About Predis and benchmarks: why a pure-PHP Redis client anyway?

As some of you might know I'm the author and maintainer of Predis, a pure-PHP client library for Redis. When I started this project back in mid-2009 Redis was a very young yet promising NoSQL key-value store with only three client libraries available for PHP (one of which was a C-based extension that eventually led to phpredis) offering support only for the Redis commands implemented at that time, and plagued by many bugs. Fast forward to date, and both Predis and phpredis are now the two most used, stable and up-to-date clients in PHP-land among the bunch available. Although it's mostly a one-man project, I'm very proud of the work behind its development and thankful for the contributions received from the community.

So why am I writing this blog post? To cut it straight to the point, I think there's sometimes a little misconception about the very reason for which Predis exists nowadays and Aleksey's recent blog post is offering me a good opportunity to clarify things a bit. Don't get me wrong he made various valid points, but what has actually caught my attention and prompted me to write this post is the very introduction:

As some of you may know, I’m crazy about speed. So when I saw that people were happily using Predis as their choice of PHP client for Redis, I was a bit confused.

Why use a client written in PHP for something that should be ‘fast’ like Redis?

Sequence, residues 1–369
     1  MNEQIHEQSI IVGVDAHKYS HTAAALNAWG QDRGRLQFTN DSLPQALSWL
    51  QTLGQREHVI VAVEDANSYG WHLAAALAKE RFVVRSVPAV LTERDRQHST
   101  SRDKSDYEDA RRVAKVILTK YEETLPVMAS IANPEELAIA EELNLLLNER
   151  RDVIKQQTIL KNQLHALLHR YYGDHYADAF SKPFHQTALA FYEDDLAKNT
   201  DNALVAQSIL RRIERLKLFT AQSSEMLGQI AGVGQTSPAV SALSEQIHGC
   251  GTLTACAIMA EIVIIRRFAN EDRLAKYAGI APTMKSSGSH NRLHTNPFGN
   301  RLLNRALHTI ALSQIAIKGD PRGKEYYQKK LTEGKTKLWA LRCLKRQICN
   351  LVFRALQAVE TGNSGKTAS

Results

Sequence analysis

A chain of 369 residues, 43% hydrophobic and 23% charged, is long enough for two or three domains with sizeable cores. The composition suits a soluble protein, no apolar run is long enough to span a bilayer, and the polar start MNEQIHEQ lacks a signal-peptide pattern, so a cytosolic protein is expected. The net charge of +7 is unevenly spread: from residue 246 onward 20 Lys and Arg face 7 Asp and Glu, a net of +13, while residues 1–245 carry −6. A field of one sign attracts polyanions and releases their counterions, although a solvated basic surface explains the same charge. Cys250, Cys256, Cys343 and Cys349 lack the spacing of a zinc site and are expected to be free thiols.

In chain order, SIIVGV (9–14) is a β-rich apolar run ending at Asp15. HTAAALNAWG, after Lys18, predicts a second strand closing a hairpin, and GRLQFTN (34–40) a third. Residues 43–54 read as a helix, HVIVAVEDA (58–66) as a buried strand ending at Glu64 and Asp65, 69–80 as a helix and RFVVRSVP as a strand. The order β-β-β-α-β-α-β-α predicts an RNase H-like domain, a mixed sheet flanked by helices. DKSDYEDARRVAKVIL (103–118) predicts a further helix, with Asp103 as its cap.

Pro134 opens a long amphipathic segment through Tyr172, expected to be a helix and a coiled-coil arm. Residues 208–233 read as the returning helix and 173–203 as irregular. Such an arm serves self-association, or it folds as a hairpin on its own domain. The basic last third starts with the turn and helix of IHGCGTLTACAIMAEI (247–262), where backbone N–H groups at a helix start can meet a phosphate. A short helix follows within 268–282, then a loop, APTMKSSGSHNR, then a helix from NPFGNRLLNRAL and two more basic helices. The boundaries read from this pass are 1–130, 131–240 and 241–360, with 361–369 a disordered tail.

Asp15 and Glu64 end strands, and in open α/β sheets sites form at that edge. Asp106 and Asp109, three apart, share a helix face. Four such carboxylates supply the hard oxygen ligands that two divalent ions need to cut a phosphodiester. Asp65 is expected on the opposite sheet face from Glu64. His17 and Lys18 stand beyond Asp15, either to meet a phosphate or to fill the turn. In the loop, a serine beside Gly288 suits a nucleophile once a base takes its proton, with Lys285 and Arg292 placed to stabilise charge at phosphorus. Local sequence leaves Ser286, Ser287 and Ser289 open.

That kind of defeats the purpose - unless you don’t really care about response times and scalability. 

Predis was initially developed to fill the lack for a decent client library but turned into a more comprehensive solution allowing for maximum extensibility. In a sense, you may think of this library not only as a mere client for Redis but as a sort of framework (pass me the buzzword) with various building blocks that developers can leverage to create abstractions for features based upon Redis and expose them through a consistent interface. In my opinion a great example of such extensibility is the abstraction used to support Lua scripts exposing them as if they were common Redis operations such as GET or SET (and it works when using client-side sharding or master/slave replication too). Some parts were also reused to build a fully-asynchronous version of the client!

Obviously there's a price to pay for everything and, in our case, that price is a penalty in raw speed compared to a C-based extension due to the undeniable greater overhead of a pure-PHP implementation. You can mitigate part of this overhead by using PHP >= 5.4 (faster at method dispatching), an opcode cache (you should do that anyway on production servers) or even plugging in phpiredis for faster protocol (de)serialization, but in the end you are optimizing your stack on a single-server basis. You can have 5, 10, 100 servers hitting Redis for distributed operations: that's where Redis shines the best and that's why it's considered blazing fast. In such distributed scenarios, when one or more Redis instances are running on remote hosts, you will soon notice that most of the difference in speed is lost due to network round-trip times so you will be left for the most part with the inherent overhead of compiling the source code (or loading the cached opcodes) of Predis on each request. We've always been clear on what to expect out of Predis in this case and this is the reason why we have a FAQ about performances shipped along with the library. It's a matter of trade offs: you sacrifice a low overhead for the sake of flexibility.